It was in Jinnah’s lifetime that Faiz Ahmed Faiz, as editor-in-chief of the dailies Pakistan Times and Imroze, was arrested. A week later, Sindh’s leading newspaper Al-Waheed’s publication was banned and its editor was arrested. This resulted in the boycott of any news about the Sindh government.

After Jinnah’s early demise, the bureaucracy ran riot. There is no evidence that prime minister Liaquat Ali Khan advised any restraint. Journalists and editors committed some reprehensible acts too: stalwarts, including Faiz, Altaf Husain, Hameed Nizami, Pir Ali Mohammad Rashdih, Z.A. Suleri, Mir Khalilur Rehman and some others, were party to punitive actions against newspapers and journalists, including the publication of a joint editorial seeking drastic action against the region’s oldest English daily.

Unfettered press freedom was not acceptable to the civil bureaucracy-dominated and military-inducted establishment. It could obliterate quite a few dailies and other publications, which, counting both wings, numbered around three dozen during Pakistan’s first decade. Editors and working journalists, including Faiz, Suleri, Nizami, Ahmad Ali Khan, Zaheer Babar, Ghayurul Islam and Nasrullah Khan were arrested and action taken against their publications.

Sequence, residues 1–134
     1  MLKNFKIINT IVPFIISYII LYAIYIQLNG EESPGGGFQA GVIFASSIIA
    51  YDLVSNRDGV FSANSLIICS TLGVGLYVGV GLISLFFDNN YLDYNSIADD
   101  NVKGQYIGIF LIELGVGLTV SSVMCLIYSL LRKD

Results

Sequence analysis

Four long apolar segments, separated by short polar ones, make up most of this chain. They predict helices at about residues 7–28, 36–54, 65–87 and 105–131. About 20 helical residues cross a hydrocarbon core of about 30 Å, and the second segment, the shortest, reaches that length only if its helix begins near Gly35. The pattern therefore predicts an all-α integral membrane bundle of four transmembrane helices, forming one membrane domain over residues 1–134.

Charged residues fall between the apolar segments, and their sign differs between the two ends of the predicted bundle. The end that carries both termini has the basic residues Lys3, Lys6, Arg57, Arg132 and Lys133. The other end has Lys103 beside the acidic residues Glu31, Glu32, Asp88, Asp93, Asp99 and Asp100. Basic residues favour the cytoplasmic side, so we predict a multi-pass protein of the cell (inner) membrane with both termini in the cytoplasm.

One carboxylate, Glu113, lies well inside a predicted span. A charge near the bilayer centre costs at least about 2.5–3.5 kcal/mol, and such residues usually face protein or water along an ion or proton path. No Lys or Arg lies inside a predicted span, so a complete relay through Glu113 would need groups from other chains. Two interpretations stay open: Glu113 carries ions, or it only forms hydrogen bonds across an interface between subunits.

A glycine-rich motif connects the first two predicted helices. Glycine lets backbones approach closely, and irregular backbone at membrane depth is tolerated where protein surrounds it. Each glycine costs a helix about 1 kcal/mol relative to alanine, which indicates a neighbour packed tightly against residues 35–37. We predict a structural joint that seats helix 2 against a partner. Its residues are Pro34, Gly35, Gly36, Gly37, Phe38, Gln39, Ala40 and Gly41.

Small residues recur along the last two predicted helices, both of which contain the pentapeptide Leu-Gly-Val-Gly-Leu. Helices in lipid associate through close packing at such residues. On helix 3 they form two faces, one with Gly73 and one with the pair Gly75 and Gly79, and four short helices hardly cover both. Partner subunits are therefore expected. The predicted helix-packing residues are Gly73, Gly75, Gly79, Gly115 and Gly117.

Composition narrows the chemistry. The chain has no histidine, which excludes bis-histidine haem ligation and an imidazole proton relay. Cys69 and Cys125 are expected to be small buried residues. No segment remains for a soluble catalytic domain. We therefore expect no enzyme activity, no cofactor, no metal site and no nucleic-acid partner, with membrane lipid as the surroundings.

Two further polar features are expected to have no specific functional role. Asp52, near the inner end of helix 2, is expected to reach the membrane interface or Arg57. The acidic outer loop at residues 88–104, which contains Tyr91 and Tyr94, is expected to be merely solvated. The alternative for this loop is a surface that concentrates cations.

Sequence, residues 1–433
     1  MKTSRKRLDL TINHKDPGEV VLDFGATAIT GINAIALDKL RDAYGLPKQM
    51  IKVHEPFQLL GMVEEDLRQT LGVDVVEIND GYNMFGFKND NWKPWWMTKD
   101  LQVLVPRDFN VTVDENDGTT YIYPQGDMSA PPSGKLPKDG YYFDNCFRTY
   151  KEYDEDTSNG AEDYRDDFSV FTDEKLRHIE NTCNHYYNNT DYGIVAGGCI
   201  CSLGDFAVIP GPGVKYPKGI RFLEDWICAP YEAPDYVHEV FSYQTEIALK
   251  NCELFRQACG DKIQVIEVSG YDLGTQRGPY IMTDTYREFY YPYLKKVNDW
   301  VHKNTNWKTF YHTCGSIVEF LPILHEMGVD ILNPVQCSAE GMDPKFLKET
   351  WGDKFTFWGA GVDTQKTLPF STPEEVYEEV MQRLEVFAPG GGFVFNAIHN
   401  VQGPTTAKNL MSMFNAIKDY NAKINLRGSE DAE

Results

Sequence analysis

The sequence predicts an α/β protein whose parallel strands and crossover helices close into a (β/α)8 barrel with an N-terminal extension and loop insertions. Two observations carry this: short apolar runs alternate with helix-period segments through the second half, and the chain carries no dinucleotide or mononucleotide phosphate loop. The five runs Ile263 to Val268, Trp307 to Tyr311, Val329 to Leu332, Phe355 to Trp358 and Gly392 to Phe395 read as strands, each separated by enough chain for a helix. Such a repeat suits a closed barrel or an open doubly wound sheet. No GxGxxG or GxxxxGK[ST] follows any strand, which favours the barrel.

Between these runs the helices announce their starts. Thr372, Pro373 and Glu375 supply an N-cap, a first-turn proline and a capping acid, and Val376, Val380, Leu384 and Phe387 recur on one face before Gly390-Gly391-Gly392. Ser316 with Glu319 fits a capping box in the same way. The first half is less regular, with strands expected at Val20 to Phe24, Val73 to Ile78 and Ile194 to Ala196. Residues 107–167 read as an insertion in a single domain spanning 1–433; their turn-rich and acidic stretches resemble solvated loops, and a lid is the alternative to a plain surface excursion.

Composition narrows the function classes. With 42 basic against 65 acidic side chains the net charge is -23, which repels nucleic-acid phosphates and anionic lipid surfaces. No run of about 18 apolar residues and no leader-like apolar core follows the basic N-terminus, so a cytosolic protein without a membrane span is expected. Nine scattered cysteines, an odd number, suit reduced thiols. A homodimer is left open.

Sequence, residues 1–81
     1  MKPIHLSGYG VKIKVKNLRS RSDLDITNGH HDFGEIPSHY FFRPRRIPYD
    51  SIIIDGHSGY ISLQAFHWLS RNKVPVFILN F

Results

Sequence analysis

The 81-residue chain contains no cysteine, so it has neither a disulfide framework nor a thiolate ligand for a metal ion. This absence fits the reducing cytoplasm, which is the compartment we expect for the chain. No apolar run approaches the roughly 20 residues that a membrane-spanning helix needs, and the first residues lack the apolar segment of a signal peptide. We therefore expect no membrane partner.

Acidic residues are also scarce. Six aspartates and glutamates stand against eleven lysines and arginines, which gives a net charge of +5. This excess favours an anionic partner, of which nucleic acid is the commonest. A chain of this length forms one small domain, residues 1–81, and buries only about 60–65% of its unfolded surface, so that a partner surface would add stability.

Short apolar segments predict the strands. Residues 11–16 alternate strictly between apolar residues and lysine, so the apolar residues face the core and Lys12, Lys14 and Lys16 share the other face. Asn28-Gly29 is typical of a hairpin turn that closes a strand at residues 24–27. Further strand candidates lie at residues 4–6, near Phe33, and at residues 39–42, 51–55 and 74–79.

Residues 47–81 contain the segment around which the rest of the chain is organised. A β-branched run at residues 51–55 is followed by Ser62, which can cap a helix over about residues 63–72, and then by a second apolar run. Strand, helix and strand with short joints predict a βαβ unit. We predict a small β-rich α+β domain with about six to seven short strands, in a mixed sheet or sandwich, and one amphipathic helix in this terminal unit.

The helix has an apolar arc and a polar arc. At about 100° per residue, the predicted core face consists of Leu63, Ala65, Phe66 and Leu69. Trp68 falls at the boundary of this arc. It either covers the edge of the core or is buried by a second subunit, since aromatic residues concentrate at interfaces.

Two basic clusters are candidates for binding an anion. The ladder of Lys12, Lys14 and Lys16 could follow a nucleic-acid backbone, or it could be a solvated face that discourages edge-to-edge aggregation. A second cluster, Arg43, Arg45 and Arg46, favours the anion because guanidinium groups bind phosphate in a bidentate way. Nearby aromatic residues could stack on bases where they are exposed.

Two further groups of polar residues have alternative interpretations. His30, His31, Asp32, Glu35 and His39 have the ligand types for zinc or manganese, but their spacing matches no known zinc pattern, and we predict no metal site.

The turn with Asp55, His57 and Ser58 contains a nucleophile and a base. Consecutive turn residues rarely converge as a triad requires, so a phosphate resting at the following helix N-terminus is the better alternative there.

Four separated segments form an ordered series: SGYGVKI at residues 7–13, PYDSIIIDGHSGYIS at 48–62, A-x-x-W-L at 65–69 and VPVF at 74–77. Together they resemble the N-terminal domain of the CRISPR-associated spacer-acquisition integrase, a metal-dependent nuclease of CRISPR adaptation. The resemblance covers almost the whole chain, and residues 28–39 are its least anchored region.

Faiz was arrested having been identified as one of the ringleaders of a conspiracy to subvert the loyalties of Pakistan’s defence forces. By now, however, the PFUJ and its affiliates had established their credentials and could get some of the actions reversed.

The Ayub regime put the press under siege with the imposition of pre-censorship, and the arrest of leading journalists, including Syed Sibte Hasan, Ahmad Nadeem Qasmi and Faiz. Pakistan’s internationally acclaimed daily The Pakistan Times, and other publications of Progressive Papers Ltd. (PPL) were taken over by the National Press Trust (NPT).

The PFUJ Biennial at Dacca in 1960, in its resolutions, dealt with the military government’s excesses against the press. The Ayub regime responded by enforcing the notorious Press and Publications Ordinance (PPO), 1960.